Aftermath of wwi
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Aftermath of WWI. Unstable Economy. Returning soldiers expected jobs Need for goods lessened after the war Unions fought to preserve wartime gains Strikes throughout the nation were meet with hostility By 1920 the USA faced severe economic depression. African-Americans.

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Aftermath of WWI

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Aftermath of wwi

Aftermath of WWI


Unstable economy

Unstable Economy

  • Returning soldiers expected jobs

  • Need for goods lessened after the war

  • Unions fought to preserve wartime gains

  • Strikes throughout the nation were meet with hostility

  • By 1920 the USA faced severe economic depression


African americans

African-Americans

  • Service in the armed forces did little to change attitudes of whites at home

  • Service did give blacks a voice and increased their determination to fight for rights


Great migration

Great Migration

  • During the war Northern industrial towns were in need of labor

  • Many African American families moved north in search of jobs

  • Nations demographics drastically changed

  • 1919 produced numerous race riots throughout the nation (Red Summer)


The red scare

The Red Scare

  • 1917 Russian Revolution produces a communist government

  • Comintern announced plans to continue the revolution throughout the world

  • America feared a radical revolution at home

  • Jan. 1, 1920 Attorney General Mitchell Palmer arrested over 6000 in communist raids

  • Fear soon subsided but anti-immigrant feelings strengthened


Election of 1920

Election of 1920

  • Wilson was too sick to run for re-election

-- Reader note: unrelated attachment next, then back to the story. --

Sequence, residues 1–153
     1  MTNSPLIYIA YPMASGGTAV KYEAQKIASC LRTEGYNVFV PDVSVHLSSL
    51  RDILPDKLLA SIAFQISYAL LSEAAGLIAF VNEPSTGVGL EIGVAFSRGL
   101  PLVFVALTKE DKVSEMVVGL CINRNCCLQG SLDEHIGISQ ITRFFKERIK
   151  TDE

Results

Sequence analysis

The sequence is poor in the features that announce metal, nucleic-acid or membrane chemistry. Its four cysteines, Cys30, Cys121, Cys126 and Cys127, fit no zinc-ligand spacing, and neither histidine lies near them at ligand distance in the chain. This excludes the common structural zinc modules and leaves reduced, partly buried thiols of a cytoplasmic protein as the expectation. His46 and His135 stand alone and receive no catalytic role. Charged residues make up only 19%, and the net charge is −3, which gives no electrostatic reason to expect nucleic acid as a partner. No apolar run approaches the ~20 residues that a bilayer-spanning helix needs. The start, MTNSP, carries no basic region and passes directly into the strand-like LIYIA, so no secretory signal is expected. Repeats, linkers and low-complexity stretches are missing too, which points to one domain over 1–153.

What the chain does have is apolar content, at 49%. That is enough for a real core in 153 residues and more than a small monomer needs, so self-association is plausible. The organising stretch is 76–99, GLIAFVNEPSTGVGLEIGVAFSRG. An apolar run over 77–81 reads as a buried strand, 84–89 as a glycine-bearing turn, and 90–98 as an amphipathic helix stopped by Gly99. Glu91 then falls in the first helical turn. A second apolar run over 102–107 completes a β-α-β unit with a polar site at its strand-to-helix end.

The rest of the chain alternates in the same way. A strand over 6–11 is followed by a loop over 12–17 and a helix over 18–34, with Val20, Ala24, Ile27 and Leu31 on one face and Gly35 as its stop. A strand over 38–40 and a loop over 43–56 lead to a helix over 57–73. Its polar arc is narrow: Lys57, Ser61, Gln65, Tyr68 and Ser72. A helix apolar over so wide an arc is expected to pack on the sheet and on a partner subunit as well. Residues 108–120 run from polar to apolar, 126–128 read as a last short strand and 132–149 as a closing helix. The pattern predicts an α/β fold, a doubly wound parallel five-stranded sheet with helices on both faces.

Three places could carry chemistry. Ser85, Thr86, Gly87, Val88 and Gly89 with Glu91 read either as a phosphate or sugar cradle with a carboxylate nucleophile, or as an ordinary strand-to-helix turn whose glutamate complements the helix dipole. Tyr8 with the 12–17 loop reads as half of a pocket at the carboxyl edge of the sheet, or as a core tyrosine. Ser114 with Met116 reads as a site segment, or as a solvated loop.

• Democrat James Cox ran hoping to continue Wilson’s ideas

  • Republican Warren Harding opposed internationalism and promised a return to isolationism – ‘return to normalcy’

  • Harding won with the largest popular vote margin in 100 years


Isolationism

Isolationism

  • America attempted to reduce immigration

    • Literacy tests

    • Quotas

  • America imposed high tariffs on foreign goods

    • Created a boom for American businesses

    • Isolated America economically


New technologies

New Technologies

  • Radio

    • Westinghouse started commercial broadcast radio shows in 1920

      • Shows gave people an idea of different lives

      • Spurred growth of advertising

  • Automobile

    • Ford’s assembly lines made cars more affordable for many families

      • Removed limitations for people

      • Spurred growth of other businesses


New attitudes

New Attitudes

  • 120,000 Americans died in WWI and over 200,000 wounded

  • Wilson had imposed severe restrictions on many Americans during the war

  • After the war many Americans wanted to forget about the war and its costs


18 th amendment

18th Amendment

  • Though prohibition had been largely ignored in presidential campaigns it was crucial to congressional races

  • 1919 Dries outnumbered Wets in Congress by a 3:1 margin

  • Congress proposed an amendment and was ratified by 36 of the 48 states thus becoming law


The roaring twenties

The Roaring Twenties

  • Prohibition

    • Religious/Political Debate

      • Dries – Most Protestants (Methodists, Baptists, Presbyterian, etc.)

      • Wets – Catholics, Lutherans, Episcopalians

    • Dries believed saloons led to political corruption and that drinking was a sin

    • Wets believed the government should not legislate morality


Enforcement

Enforcement

  • Though support for the amendment was widespread enforcement became a problem

  • A total of 1500 agents were placed in charge of enforcement throughout America

  • Led to the growth of speakeasies and bootlegging


By the numbers

By the Numbers

  • 1919 Cleveland had 1200 legal bars

  • 1923 Cleveland had approximately 3000 illegal speakeasies

  • An estimated 30,000 residents sold liquor of some sort during Prohibition


Corruption gangsters

Corruption/Gangsters

  • Al Capone – Chicago gangster made over $60 million in 1927, reportedly had ½ of the city’s police on his payroll


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